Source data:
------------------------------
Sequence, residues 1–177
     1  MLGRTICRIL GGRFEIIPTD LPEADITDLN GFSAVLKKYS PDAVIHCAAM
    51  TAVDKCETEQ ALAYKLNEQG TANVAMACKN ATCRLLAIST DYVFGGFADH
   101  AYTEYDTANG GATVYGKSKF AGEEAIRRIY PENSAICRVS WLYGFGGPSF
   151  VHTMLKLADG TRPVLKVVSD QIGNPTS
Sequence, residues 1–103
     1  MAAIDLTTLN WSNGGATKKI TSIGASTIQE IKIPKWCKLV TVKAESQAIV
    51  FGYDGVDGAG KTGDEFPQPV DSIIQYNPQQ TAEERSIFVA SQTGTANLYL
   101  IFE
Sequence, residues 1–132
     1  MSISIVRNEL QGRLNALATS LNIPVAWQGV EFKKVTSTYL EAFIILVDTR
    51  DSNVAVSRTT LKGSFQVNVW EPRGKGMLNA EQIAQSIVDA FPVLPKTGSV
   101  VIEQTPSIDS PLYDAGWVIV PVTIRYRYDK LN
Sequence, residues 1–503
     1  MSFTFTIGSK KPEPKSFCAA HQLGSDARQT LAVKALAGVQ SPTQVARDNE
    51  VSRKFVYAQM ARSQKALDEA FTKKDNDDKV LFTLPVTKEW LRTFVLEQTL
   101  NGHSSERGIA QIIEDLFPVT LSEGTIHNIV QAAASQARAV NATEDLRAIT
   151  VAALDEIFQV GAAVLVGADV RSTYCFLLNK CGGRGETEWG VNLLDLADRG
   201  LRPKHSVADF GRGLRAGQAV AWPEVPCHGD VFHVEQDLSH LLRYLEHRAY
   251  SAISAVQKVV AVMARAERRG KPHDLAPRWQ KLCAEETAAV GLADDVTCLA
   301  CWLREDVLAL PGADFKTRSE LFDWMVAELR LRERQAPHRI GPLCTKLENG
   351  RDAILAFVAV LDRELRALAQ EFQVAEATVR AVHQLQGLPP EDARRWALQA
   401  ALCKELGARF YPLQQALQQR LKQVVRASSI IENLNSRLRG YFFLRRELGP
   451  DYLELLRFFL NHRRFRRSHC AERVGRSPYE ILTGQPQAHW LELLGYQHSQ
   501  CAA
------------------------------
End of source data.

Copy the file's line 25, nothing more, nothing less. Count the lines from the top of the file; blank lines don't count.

   501  CAA